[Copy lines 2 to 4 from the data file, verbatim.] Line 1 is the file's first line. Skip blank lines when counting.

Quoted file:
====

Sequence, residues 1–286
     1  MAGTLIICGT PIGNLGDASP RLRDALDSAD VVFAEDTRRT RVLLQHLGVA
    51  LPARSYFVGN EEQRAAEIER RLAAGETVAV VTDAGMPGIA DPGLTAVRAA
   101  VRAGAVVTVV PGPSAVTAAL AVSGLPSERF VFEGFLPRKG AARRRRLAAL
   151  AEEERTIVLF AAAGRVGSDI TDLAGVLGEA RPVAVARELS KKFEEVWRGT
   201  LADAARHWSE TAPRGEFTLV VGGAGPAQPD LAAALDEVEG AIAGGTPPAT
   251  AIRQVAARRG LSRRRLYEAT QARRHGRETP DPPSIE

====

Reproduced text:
     1  MAGTLIICGT PIGNLGDASP RLRDALDSAD VVFAEDTRRT RVLLQHLGVA
    51  LPARSYFVGN EEQRAAEIER RLAAGETVAV VTDAGMPGIA DPGLTAVRAA
   101  VRAGAVVTVV PGPSAVTAAL AVSGLPSERF VFEGFLPRKG AARRRRLAAL